about this is just so much worse than he's seen before, so many people feel that. It's generational on all sides here.

GIOKOS: Yes. It's a fascinating insight because it gives you a sense of what people are thinking and feeling. And as you said the conversations

between the two sides not happening. Antony Blinken, though, saying, you know, a two-state solution conversation should be happening. On the other

end, you had Macron saying, and I quote, "The continuation of colonization that undermines the prospect of a future Palestinian state." His opposition

to this.

It's interesting the conversations are happening on sort of the macro diplomatic front but not between the two sides.

ROBERTSON: Yes. And that's partly because Prime Minister Netanyahu doesn't feel that he has a good partner in the Palestinian Authority leadership,

Mahmoud Abbas, and there's a real sense among Palestinians that Abbas and his leadership, and the leaderships before him, have not taken the

opportunities that have arisen before.


Opportunities for peace. But there is, you know, a sense from Prime Minister Netanyahu that it's no good talking with the Palestinians. They'd

rather talk with the regional powers and through them make peace with the Arab region. And he says that would find a way to making peace with

Palestinians. And that's not what Secretary Blinken thinks. And Israel sort of has a choice now. And this was essentially the choice likely that the

French president will be putting. That it was a contrast that Secretary Blinken spoke about when he was here.

Then Israel has a choice. You know, if it believes that the two-state solution is dead, that you can't have two states side by side, that leaves

a one-state solution. But you cannot have a one-state solution where Palestinians have less rights than Israelis because that would be

apartheid. So what's the option here? Israel would have to absorb into a single state, that would lose its Jewish identity, and have a marginalized

population that it would need to give rights, voting rights, and those voting rights would not allow for a government that exists in Israel today.

These are the conundrums. And they're massive. And the issues that have gone into them have been running for generations.

GIOKOS: Nic, a lot of diplomatic issues I want you to comment on. I'm going to ask you to stay with me. I'm going to go back to our top story. And we'd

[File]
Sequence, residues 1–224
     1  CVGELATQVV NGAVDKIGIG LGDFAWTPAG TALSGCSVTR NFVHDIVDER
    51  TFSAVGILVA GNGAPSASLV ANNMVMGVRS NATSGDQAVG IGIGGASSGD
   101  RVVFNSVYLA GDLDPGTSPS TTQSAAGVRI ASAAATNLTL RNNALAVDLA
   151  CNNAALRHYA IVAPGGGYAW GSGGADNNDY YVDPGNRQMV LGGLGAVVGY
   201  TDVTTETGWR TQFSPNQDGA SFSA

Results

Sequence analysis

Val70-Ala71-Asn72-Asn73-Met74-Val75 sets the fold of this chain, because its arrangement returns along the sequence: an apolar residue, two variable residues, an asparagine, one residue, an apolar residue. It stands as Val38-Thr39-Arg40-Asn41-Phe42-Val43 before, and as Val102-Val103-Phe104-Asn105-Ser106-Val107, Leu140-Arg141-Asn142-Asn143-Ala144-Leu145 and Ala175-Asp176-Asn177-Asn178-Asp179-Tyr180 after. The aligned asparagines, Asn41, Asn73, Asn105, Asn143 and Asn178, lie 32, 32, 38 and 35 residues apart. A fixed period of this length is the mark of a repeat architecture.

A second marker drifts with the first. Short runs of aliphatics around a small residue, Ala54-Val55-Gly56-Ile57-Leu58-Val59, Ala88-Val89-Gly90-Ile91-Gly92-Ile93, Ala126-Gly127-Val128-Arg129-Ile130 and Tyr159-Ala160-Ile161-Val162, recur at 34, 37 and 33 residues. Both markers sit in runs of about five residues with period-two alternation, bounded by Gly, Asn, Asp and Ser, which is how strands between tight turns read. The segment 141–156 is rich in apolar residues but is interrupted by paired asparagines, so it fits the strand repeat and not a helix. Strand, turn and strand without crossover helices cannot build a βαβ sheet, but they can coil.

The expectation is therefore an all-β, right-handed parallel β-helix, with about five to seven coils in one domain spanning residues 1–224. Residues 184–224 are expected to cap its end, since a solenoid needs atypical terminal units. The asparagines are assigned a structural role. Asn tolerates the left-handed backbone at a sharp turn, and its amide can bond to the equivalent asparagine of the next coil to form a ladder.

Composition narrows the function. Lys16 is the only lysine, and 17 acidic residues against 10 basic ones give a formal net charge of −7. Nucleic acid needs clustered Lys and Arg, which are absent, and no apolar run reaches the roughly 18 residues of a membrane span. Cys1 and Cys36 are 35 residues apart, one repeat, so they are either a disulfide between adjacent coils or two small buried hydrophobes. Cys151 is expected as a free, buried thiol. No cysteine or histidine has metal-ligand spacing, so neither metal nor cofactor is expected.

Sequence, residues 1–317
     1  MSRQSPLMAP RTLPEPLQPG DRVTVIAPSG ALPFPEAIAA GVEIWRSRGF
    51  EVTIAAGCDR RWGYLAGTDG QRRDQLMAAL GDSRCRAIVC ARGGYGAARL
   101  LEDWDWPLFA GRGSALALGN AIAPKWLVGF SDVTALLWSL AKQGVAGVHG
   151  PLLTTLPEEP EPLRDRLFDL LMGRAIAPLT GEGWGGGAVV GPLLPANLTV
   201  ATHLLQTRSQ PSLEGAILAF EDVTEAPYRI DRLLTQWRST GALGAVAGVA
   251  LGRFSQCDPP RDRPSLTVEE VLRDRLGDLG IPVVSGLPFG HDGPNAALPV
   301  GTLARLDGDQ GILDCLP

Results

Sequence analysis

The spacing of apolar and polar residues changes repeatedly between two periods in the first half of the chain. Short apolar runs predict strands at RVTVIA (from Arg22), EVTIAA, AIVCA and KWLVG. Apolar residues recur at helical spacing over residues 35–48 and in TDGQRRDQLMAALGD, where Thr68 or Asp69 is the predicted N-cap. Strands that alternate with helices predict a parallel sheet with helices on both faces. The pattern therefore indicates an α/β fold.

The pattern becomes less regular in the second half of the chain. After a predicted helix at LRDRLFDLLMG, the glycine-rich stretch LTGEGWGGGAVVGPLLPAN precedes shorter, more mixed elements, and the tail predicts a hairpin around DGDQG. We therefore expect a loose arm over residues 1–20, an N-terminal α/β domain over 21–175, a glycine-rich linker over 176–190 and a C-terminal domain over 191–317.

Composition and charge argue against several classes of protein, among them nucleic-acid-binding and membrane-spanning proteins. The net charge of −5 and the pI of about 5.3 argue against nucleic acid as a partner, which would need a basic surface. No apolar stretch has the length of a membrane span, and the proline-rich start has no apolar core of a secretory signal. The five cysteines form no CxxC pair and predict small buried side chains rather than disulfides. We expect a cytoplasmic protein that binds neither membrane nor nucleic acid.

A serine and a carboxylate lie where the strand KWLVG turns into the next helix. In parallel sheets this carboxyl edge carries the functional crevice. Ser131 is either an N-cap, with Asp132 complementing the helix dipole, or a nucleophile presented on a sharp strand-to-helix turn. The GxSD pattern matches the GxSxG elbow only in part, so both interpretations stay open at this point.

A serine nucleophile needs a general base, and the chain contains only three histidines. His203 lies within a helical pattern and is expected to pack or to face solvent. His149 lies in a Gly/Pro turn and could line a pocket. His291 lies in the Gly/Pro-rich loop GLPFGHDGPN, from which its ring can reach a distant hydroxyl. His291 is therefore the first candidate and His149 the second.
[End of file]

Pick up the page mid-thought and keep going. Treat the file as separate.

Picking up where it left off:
like for your reaction.

The Chinese balloon that has been hovering over the northern U.S. state of Montana, we're just hearing the U.S. secretary of State is postponing his

planned trip to China. He was due to meet with his Chinese counterpart in Beijing after years of frayed relations between their two countries.

That suspected surveillance balloon, you're seeing it right now on your screen, has been flying over the northern United States for days now. Right

now U.S. officials say it poses no threat to anyone on the ground. The Chinese Foreign Ministry claimed Friday that the suspected Chinese high-

altitude surveillance balloon flying over the continental United States is a civilian air ship used mainly for weather research that deviated from its

planned course. Nevertheless, Antony Blinken is postponing that trip for now.

Nic, this is playing out right now in the U.S. We're watching this balloon hovering over parts of the United States. Antony Blinken saying he is going

to hold off on visiting Beijing and just highlighting the uneasiness between the two countries. This, of course, creating more issues and

tensions potentially.

ROBERTSON: Absolutely. And I think we get an understanding of why Secretary Blinken wanted to make the trip. I think U.S. officials have been quite

clear about this. That there is a need to have this diplomatic reengagement with China. Relations have been on the downward slide for a number of years

now. And I think the concept was that Secretary Blinken's visit would help, you know, bridge that growing golf between the United States and the rising

superpower, China, and its regional aspirations.

We've seen the U.S. secretary of Defense in Indonesia, in the Philippines, recently. We've seen him in South Korea, Japan. A big U.S. diplomatic

outreach to firm up its military footing in Asia. And Secretary Blinken's visit to China, and there was rumor that he might have met with President

Xi Jinping as well, would have been to try to sort of bring a better diplomatic understanding between the U.S. and China. But this balloon, and

the contentious nature of what it's doing, and the concerns it's raised in the U.S., it's not clear if the administration, the White House yet

believes what China is saying, that this is -- you know, that this is merely a mistake, and it's not spying on the United States at all, although

some U.S. officials, military officials, have said very clearly that this is malfeasance by China.

So in light of that, this balloon and the issue around it would wholly detract from a trip that might have been hoped -- that was hoped to at